On the night of June 1, 1991, a Hispanic man forced his way into the home of a pregnant Austin woman, sat her down in a lighted room, looked into her eyes, and, after a few minutes of strained conversation, raped her. The assailant later tried to convince the woman to leave her husband, telling her he could be a better provider.
After the crime, while flipping through the "black book," a police portfolio containing the mug shots of sex offenders, she pointed out her assailant to investigators: Ben Salazar, a Travis County demolition worker previously convicted of a minor sex offense.
Austin police charged Salazar with the rape, relying on forensic tests to back the victim's eyewitness testimony. The most accurate, an enzyme test, found that 1 percent of Hispanic males -- including Ben Salazar -- could have committed the crime.
In 1992, Salazar was convicted of sexual assault and sentenced to 30 years in prison.
By 1997, his appeals exhausted, Salazar's freedom hinged on DNA testing, though the Travis County district attorney resisted the idea. "There's a natural tendency: Once the case is over and the appeals have been decided, you don't want to reopen it," says Clay Strange, the self-styled "DNA guy" of the Travis County DA's office.
So, like Roy Criner, Salazar turned to a private laboratory, Genescreen, to perform the tests. The results blew the case back open: Salazar was not a match. Three weeks after an emotional hearing that granted him a new trial, Salazar left prison a free man, gubernatorial pardon in hand.
George W. Bush pardoned two men that fall. The second, Houston carpenter Kevin Byrd, also used DNA evidence to gain his freedom. The pardons are part of a nationwide legal trend: Between 1993 and 1996, 28 rape and murder convictions were overturned or dismissed on the basis of DNA evidence unavailable at trial. Both prosecutors and defense attorneys believe that DNA-inspired reversals will continue. "I'm inclined to think there are more [wrongly convicted men]," says Strange.
Most of these cases depended on DNA evidence to overturn compelling but unreliable eyewitness testimony. "I think that you're going to find a lot more people like Ben Salazar who were wrongly convicted of rape because of the bad inherent nature of eyewitness testimony," says David Schulman, Salazar's lawyer.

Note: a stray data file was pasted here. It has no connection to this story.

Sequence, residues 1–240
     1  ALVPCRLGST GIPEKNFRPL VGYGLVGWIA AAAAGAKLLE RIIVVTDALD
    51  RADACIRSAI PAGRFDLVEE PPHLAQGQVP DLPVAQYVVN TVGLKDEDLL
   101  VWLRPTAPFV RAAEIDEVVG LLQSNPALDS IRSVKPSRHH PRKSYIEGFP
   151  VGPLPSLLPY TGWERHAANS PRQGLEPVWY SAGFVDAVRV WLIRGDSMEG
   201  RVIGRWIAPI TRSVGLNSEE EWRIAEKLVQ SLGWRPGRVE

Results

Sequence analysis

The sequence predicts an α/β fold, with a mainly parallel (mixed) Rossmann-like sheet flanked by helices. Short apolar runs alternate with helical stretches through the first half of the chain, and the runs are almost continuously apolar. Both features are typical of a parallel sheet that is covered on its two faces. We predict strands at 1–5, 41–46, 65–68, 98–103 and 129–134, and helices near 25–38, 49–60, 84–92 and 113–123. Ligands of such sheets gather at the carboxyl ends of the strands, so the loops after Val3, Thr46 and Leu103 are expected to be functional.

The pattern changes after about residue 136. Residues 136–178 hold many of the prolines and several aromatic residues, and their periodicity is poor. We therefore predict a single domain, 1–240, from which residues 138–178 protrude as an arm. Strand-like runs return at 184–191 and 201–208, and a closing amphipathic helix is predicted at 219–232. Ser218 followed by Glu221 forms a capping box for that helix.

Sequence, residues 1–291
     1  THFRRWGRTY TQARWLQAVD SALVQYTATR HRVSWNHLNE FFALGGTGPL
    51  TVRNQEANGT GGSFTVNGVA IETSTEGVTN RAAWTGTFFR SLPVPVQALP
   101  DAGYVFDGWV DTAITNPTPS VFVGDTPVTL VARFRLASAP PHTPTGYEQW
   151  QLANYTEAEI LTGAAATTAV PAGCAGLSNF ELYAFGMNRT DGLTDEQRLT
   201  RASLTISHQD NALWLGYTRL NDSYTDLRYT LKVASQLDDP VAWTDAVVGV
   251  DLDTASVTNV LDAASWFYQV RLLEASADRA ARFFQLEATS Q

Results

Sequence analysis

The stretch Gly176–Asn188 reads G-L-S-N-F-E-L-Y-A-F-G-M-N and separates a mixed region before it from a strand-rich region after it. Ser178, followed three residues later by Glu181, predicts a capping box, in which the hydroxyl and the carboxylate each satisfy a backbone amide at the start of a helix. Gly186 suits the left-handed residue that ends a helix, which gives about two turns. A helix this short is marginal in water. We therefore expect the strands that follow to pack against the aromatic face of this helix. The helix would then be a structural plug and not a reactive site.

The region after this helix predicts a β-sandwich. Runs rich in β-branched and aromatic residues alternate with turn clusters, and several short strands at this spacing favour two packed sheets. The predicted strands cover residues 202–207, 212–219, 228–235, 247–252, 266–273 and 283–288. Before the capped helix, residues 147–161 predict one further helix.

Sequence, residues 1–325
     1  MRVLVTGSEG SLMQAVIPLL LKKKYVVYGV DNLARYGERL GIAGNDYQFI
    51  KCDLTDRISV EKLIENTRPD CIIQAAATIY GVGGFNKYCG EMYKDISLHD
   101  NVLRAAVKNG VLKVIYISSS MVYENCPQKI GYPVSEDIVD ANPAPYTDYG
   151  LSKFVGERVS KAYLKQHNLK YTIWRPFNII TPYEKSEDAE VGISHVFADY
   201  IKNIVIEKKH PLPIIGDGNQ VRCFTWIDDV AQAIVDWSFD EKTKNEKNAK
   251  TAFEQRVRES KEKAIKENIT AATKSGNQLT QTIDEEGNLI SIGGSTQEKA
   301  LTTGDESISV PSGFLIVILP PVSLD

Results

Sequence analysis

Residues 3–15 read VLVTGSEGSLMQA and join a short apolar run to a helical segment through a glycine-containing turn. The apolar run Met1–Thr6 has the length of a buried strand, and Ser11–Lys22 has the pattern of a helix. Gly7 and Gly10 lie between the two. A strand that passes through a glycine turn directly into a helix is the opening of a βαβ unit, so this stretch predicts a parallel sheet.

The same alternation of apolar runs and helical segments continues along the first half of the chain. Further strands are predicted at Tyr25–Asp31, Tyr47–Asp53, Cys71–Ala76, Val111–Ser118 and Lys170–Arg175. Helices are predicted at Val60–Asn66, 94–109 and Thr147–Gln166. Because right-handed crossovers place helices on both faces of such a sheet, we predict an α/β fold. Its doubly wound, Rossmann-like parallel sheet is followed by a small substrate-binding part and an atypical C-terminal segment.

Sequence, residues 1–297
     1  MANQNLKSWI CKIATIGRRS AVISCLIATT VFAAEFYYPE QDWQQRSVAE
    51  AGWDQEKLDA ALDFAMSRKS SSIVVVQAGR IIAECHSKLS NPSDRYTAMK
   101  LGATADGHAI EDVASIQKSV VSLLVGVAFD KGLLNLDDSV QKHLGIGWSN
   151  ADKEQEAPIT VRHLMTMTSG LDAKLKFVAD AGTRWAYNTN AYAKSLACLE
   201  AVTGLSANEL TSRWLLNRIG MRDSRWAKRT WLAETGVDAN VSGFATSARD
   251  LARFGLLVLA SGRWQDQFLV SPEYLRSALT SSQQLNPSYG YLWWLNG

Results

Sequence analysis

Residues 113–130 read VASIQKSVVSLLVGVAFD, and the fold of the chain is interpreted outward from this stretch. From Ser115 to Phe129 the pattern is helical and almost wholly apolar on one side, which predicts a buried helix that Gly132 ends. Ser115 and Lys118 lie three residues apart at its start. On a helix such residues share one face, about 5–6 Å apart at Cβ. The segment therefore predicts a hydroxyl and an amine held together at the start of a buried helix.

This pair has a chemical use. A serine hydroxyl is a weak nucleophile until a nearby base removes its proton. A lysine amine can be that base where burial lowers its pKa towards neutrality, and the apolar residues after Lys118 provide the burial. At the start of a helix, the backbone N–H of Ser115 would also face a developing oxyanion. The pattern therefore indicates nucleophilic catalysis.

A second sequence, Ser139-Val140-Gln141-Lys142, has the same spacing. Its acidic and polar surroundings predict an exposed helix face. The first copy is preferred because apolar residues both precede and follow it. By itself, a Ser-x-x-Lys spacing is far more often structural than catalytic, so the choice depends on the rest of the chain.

While the tearful accusations of a rape victim might sway a jury every time, DNA tests offer something eyewitness testimony lacks -- objective certainty. Factors such as emotion, memory and outside influence can alter the perceptions of even the most level-headed witness, although only poor methodology can taint genetic testing. Consequently, the relatively new science has earned absolute faith in legal circles, even among certain prosecutors. "[DNA testing] is not 99 percent accurate, it's 100 percent accurate, when done properly," says Strange.
DNA results are so dependable that other forensic tests, like those used to convict both Salazar and Criner, are today used more sparingly, usually when DNA tests are inconclusive or impossible. According to Dr. Elizabeth Johnson, a forensic DNA scientist at a private lab in Ventura, California, and former director of the Harris County Medical Examiner's DNA lab, pre-DNA tests (such as blood typing, enzyme tests and hair comparison) "are far less discriminating by orders of ten."
DNA testing has not only rendered many forms of forensic examination useless, it has overshadowed all other types of evidence in a number of rape cases. In 1995, for example, security guard William Don Gibson was charged with an early-morning kidnapping and rape of a doughnut shop employee near Dallas. Picked out of a lineup by the victim, Gibson signed a confession to the crime after a September 1995 interrogation that lasted, according to Gibson, more than eight hours. Gibson claims he was coerced into confessing.
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Few believed his claims until 1996, when Dallas County authorities released him from prison. The reason? Gibson's DNA did not match the rapist's. "DNA is a very valuable tool in finding the truth," says Strange. "It is as neutral a forensic science as I am familiar with."
Montgomery County D.A. Mike McDougal does not share Strange's unqualified enthusiasm for DNA evidence. "I think it's helpful," McDougal says of DNA testing. "I don't think it's the end-all that everybody makes it out to be."
McDougal, like many prosecutors, considers DNA almost worthless in proving innocence. To them, genetic testing is a tool that helps tie a suspect to a crime when the results match, but can never prove a subject was not at the crime scene if they don't. "We have successfully prosecuted [cases] where the DNA didn't match the defendant's," explains McDougal. "The jury was advised of that and said, 'So what?' "
-- T.R. Coleman